WRC will be the first electrified motorsport formula for Ford globally as the company looks to build on the success of the launch of vehicles including the all-electric Mustang Mach-E 1 and the forthcoming E-Transit. 2


Notable alumni

James Hunt
1 F1 title, 93 entries
Formula Ford 1968, Russell-Alexis


Emerson Fittipaldi
2 F1 titles, 149 entries
Formula Ford 1969, Jim Russell Racing


Ayrton Senna
3 F1 titles, 162 entries
Formula Ford 1981, Van Diemen and 1982 Rushen Green


Eddie Irvine
148 F1 entries
Formula Ford 1983-87


Johnny Herbert

165 F1 entries

Formula Ford 1985


Damon Hill
1 F1 title, 122 entries
Formula Ford 1985, Manadient Racing


Michael Schumacher
7 F1 titles, 308 entries
Formula Ford 1988, Eufra Racing


David Coulthard
247 F1 entries
Formula Ford 1989


Rubens Barrichello
326 F1 entries
Formula Ford 1989, Arisco


Mark Webber
217 F1 entries
Formula Ford 1995, Yellow Pages Racing


Jenson Button
1 F1 title, 309 entries
Formula Ford 1998, Haywood Racing


Anthony Davidson
24 F1 entries
Formula Ford 1999, 2000, Haywood Racing


Daniel Ricciardo
200+ F1 entries
Formula Ford 2005, privateer


Lando Norris
50+ F1 entries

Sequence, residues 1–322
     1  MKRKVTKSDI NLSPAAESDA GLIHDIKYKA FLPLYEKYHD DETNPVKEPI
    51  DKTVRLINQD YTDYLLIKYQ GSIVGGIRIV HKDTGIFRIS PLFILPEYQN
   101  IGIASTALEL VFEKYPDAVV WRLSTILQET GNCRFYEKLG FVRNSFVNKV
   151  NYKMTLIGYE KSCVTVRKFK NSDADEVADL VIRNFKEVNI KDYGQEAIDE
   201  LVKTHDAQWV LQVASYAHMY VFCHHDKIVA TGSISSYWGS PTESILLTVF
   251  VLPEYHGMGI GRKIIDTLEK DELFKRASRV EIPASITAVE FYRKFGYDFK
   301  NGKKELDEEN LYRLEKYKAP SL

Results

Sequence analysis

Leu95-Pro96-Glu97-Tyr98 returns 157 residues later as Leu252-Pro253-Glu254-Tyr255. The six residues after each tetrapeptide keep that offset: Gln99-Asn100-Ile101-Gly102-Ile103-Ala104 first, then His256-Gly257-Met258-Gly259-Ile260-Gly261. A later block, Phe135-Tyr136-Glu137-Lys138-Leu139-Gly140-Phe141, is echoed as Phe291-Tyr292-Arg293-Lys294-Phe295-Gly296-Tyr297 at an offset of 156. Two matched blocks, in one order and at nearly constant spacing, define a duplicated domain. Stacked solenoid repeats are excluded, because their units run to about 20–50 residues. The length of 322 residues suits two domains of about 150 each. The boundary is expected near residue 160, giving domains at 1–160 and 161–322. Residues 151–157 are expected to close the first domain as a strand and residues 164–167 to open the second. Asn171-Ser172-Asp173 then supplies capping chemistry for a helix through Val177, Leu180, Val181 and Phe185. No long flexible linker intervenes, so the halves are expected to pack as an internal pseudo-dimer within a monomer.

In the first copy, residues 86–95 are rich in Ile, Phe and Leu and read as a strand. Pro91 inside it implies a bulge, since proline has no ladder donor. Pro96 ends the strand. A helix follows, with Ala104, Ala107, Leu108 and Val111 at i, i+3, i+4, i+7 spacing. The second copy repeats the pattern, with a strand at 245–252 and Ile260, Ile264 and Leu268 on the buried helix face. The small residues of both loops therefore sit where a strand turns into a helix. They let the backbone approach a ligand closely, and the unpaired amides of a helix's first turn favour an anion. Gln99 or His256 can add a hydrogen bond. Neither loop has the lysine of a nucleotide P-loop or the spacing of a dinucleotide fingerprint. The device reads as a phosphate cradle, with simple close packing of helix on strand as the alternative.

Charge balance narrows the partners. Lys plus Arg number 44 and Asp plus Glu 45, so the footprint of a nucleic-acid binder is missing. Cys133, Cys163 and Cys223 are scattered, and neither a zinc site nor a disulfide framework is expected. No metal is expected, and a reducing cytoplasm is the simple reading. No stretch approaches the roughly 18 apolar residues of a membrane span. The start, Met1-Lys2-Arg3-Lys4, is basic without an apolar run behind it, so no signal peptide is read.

MSA Formula 2015, Carlin



“I still have my 1989 Van Diemen in my museum in Scotland, still looking as good as the last day it raced, and it is with very fond memories that I look back on what Formula Ford has given the world of motorsport. As it heads off into retirement, it will forever hold a place in my heart.”

David Coulthard, former F1 driver


“Formula 4, for me, was the perfect stepping stone and the perfect way of setting up my whole career. I had a lot of good battles that I still remember to this day. The best thing of all was how even it was between everyone; the competition was so tight every weekend. It made me work very hard. I miss it!”

Lando Norris, F1 driver






1 Ford Mustang Mach-E delivers up to 610 km WLTP homologated pure-electric driving range in rear-wheel drive, extended-range battery configuration.

2 Ford E-Transit officially homologated energy efficiency figures will be published closer to on-sale date.

The declared WLTP fuel/energy consumptions, CO2-emissions and electric range are determined according to the technical requirements and specifications of the European Regulations (EC) 715/2007 and (EU) 2017/1151 as last amended. The applied standard test procedures enable comparison between different vehicle types and different manufacturers.


For more information on this story please contact Jay Ward

( +44 (0) 1268 401926)


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Ford of Europe is responsible for producing, selling and servicing Ford brand vehicles in 50 individual markets and employs approximately 42,000 employees at its wholly owned facilities and consolidated joint ventures and approximately 55,000 people when unconsolidated businesses are included. In addition to Ford Motor Credit Company, Ford Europe operations include Ford Customer Service Division and 14 manufacturing facilities (10 wholly owned facilities and four unconsolidated joint venture facilities). The first Ford cars were shipped to Europe in 1903 – the same year Ford Motor Company was founded. European production started in 1911.